David Cappella

David Cappella

 

XCIV.

Giacomo oscillates between the fear of death and the yearning for it

I felt it. The weight of its torment

threatened my day like the nightmare flows

from Vesuvius threatened

those who farmed its slopes. This molten menace,

so frightful to me, kept me looking back

over my shoulder, uneasy, afraid,

just as these tenants often sneaked looks back

at the peak, fearing sudden fracture.

Death: the final cataclysmic rupture.

But then: those placid afternoons when I

sat on the porch above the city, peered

over the vineyards, the rows of fruit trees,

beyond to the azure bay—celestial.

Released, my fear of death.

 

XCV.

Giacomo, exhausted and sad

An admirer wrote a letter, praising

my poems with the poignancy of youth.

He so loved them, even in translation.

A boy enthralled with words, afraid

his feelings for my poems unworthy.

Oh, that I could write for such fond hearts.

I answered him. My deliberate hand

scribbled the truth my aching body held.

I told him that I was not a poet.

I told him that I had accomplished little.

My attempts at poems, merely this:

unfathomable prolegomena

to a life that never was, to hopeless

accolades that hovered beyond my reach.

 

XCVI.

Giacomo, when his nights were cloudless

The stars—I wished they were the words I wrote.

The night shadows—sly, fickle illusions.

The moonlight—heaven’s pallid waterfall.

My life faded into the dark vineyards,

faded into the deeper dark after

the moon dropped below the horizon

and with it any joy that I have felt

for men, for life, for my time in this world.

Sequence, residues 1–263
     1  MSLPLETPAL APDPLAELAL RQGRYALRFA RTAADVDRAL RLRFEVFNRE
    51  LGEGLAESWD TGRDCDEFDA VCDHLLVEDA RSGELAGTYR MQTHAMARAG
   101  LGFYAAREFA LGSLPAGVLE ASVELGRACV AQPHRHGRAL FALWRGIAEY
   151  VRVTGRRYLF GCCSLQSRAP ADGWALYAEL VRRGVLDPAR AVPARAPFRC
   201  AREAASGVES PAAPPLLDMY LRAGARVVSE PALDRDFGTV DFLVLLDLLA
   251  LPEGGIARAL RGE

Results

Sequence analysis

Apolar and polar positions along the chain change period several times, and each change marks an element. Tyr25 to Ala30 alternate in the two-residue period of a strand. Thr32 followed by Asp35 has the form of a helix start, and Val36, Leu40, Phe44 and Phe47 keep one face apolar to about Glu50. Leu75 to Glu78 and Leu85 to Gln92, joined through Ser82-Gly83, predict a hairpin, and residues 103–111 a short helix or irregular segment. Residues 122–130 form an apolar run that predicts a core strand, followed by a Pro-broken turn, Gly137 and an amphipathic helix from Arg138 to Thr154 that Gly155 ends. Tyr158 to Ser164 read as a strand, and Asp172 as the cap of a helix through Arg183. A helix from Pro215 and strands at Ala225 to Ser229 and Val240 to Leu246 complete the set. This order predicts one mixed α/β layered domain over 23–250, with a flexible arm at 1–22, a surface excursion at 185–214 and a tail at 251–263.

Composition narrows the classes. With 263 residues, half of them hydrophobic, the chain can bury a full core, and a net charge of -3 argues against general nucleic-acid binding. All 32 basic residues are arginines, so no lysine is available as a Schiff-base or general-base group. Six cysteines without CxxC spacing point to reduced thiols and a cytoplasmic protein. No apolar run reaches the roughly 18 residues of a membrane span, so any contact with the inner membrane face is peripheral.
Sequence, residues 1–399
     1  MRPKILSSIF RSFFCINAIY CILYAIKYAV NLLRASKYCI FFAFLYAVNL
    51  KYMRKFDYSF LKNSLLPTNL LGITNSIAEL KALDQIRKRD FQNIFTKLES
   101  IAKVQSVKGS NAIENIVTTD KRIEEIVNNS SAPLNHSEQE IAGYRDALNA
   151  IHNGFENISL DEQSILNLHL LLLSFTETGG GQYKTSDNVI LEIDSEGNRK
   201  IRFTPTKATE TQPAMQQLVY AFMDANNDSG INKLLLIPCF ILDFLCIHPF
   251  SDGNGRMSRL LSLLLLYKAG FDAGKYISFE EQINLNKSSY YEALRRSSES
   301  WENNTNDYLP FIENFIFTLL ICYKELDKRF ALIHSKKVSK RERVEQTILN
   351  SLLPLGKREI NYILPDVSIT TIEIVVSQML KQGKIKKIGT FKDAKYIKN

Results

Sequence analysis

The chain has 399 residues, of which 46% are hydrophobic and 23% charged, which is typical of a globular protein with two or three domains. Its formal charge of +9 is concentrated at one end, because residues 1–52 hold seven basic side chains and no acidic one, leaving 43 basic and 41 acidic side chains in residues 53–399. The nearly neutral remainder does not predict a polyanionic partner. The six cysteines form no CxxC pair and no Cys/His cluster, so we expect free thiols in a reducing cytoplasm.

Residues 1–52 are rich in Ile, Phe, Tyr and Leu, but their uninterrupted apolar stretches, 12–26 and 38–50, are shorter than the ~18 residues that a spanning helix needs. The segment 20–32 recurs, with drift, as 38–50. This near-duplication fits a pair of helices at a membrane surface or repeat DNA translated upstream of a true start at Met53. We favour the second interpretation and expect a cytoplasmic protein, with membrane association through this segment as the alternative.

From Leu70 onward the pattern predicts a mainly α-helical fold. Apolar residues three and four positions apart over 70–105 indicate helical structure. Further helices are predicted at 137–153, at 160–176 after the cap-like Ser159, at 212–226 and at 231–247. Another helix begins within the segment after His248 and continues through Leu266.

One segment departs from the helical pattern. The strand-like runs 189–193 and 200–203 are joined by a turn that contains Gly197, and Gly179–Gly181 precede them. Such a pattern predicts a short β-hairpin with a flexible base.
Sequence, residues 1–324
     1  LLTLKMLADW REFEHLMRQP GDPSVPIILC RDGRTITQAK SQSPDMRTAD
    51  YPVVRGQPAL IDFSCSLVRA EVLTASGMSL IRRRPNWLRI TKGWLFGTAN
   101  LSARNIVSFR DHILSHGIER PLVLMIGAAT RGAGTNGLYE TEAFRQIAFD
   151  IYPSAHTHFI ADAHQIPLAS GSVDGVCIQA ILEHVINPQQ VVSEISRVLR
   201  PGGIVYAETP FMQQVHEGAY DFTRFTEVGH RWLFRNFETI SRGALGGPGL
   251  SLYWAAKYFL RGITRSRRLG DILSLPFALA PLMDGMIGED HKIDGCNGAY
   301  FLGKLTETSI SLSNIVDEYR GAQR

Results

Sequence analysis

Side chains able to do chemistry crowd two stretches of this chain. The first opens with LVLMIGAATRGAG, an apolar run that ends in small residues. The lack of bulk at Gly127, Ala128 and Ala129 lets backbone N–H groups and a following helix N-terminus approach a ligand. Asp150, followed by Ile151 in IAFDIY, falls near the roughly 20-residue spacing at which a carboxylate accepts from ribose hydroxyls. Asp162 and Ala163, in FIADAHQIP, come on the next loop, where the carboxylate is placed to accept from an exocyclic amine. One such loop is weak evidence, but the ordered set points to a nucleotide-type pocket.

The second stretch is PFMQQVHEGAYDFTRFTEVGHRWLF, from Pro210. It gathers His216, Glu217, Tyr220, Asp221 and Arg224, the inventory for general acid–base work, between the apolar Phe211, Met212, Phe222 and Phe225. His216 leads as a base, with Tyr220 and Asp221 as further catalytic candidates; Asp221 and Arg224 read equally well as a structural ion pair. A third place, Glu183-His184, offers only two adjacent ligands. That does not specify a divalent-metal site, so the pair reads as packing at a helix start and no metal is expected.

Then sorrow, that crepuscular insect,

fluttered around my heart before it stung

my last desire—to know no other pain

than the pain of being truly loved. Alone,

I sat outside the house. And I wondered:

can a living person know his own soul?

 

XCVII.

Ranieri, on Giacomo’s last day

At first, I did not believe he had died.

He could not breathe. His asthma awoke.

He said, ‘It is time to call the doctor.’

I was afraid for him though he made jokes.

The doctor said, ‘You must call a priest, now.’

My sister lifted his head, wiped the sweat

from his brow. Then his face darkened.

He stared up at me, his wide eyes frozen

open. He no longer breathed. His last words,

‘I can’t see you any more,’ still rippled

through my chest even as his chest stilled,

even as the barefoot monk prayed for him.

I yelled my friend’s name. He remained silent.

In death, he became like all men—nothing.

 

XCVIII.

Giacomo, on his corpse

My corpse saved from rotting. My corpse detained

on route to its burial. My corpse entombed

in the church sacristy. My corpse enshrined

under a carved stone. My corpse safely buried.

My corpse become famous, its crypt opened.

My corpse found to have rotted, its bones mixed

with the crumbled wood. The skull of my corpse

disintegrated into the sordes.

The remains of my corpse’s bones moved

at last to a cliff near Roman ruins.

The same stone marked my corpse. I rested there

where I once gazed over land and sea.

Legend says that Virgil’s corpse lies nearby.

Poets, even as corpses, linger on.

 

David Cappella, Professor Emeritus of English and 2017/2018 Poet-in-Residence at Central Connecticut State University, has co-authored two widely used poetry textbooks, Teaching the Art of Poetry: The Moves and A Surge of Language: Teaching Poetry Day to Day.  His chapbook, Gobbo: A Solitaire’s Opera, won the Bright Hill Press Poetry Chapbook Competition in 2006. He recently published a novel, Kindling. Currently, he is co-translating Tracce di un’anima, the poems of Italian poet Germana Santangelo. Visit his university web site: http://webcapp.ccsu.edu/?fsdMember=249

 

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